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California is Empowering Communities to Collect, Treat and Reuse Water Onsite

In the absence of guidance from the State, communities have shied away from non-potable onsite reuse projects. SB 966 will help change this, and perhaps more importantly, it is an acknowledgement that water once used need not go down the drain.

Authored by Paula Kehoe (SFPUC) and Mary Ann Dickinson (A4WE), long time partners, (two of many) champions behind passage of SB 966, and winners of IH2O’s inaugural CA Water Policy Challenge.

A summer day in Sacramento, CA. Most of the water used to flush toilets and on landscaping is good enough to drink.

On September 28, 2018 Governor Jerry Brown signed into law Senate Bill 966 directing the State Water Resources Control Board to develop risk-based water quality standards for onsite non-potable water systems. It aims to create consistent water quality standards state-wide, and to provide guidance to communities interested in implementing permitting and oversight programs for onsite non-potable systems.

These systems collect, treat and reuse water onsite for non-potable needs such as irrigation, toilet flushing, and cooling. Non-potable water is not suitable for human consumption, but can be used for other purposes. Graphic courtesy of the William J. Worthen Foundation and Urban Fabrick.

This victory of the passage of this law is especially sweet given that this issue took the top prize in Imagine H2O’s California Water Policy Challenge in 2016.

The proposal argued that the absence of a comprehensive statewide policy governing onsite non-potable water systems was a barrier to the deployment of reuse technologies. Without a state policy and guidance on what the appropriate water quality standards are, jurisdictions have been reluctant to permit these systems when proposed at the local level.

So why do we care about this?

We want to change the traditional water management approach of water in, waste out. Onsite non-potable water systems allow us to think differently about resource management. They are an example of utilizing technology to optimize our finite water resources and exemplify a OneWater approach to water resources management. And since the treatment technology is already available to do this, is technically feasible, and safe for public health, we should be allowing these “fit-for-purpose” onsite water treatment systems to be approved and installed with proper oversight and management.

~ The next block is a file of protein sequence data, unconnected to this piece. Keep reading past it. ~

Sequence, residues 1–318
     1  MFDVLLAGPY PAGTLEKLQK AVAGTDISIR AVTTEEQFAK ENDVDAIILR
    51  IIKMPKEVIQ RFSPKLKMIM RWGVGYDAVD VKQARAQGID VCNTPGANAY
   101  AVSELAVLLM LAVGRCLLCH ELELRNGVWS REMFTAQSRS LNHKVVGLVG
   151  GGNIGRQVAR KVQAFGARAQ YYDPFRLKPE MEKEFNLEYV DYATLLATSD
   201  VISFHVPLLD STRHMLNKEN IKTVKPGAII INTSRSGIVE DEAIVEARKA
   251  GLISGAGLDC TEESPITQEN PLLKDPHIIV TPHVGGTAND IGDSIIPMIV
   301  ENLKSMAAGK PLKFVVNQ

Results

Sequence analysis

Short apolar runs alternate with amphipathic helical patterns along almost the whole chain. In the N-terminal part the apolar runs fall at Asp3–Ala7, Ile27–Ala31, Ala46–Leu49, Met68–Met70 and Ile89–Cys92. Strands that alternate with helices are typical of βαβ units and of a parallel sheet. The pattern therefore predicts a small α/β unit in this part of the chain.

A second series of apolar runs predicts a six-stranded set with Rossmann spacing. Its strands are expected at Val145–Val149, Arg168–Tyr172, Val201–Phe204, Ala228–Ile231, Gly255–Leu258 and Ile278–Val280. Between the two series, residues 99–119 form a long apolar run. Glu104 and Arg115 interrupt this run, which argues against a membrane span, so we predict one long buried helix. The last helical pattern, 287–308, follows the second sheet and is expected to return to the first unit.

Onsite non-potable reuse system in San Francisco at 38 Dolores St. Image Courtesy of BAR Architect.

Now all that will change. California will soon have a policy that will provide the appropriate risk-based water quality standards that are needed to move these systems into widespread implementation.

SFPUC’s Onsite Reuse Handbook

Thanks for this achievement are owed primarily to the work of the San Francisco Public Utilities Commission — which had already developed a Blueprint for Onsite Water Systems in 2015 for local agencies who want to permit these systems despite limited federal or state guidance. SFPUC further developed national consensus among industry experts, public health agencies, and water and wastewater utilities that served as guidance for the enabling state policy. Subsequently, that consensus led to the development of the Model State Regulation for Onsite Non-potable Water Systems. The model state regulation is meant to help states and local jurisdictions establish standards for treatment performance and monitoring and reporting requirements for onsite non-potable water systems. This Model State Regulation was discussed in three stakeholder workshops run by AWE as part of the Imagine H2O California Water Policy Challenge project.

California State Senator Wiener and Caitrin Chappelle, Assoc. Director of the PPIC Water Policy Center at the Imagine H2O and Milken Institute Water Policy Summit in 2017

Thanks are also owed to the leadership of Senator Scott Wiener, who introduced SB 966 in partnership with the SFPUC. This new law will make the necessary state policy happen to encourage innovation in onsite water treatment. And thanks are owed finally to Imagine H2O for recognizing this issue with the first prize in its inaugural California Water Policy Challenge competition!

The state has until December 1, 2022 to develop the standards.

Big thanks and congratulations to San Francisco Public Utilities Commission (SFPUC) and the Alliance for Water Efficiency (AWE) for a victory well-earned. Paula and Mary Ann can be reached at /

The Water Reuse Summit is being held this Monday in San Francisco.

Partners include: The William J. Worthen Foundation, USGBC NCC, AIA SF, and the San Francisco Public Utilities Commission



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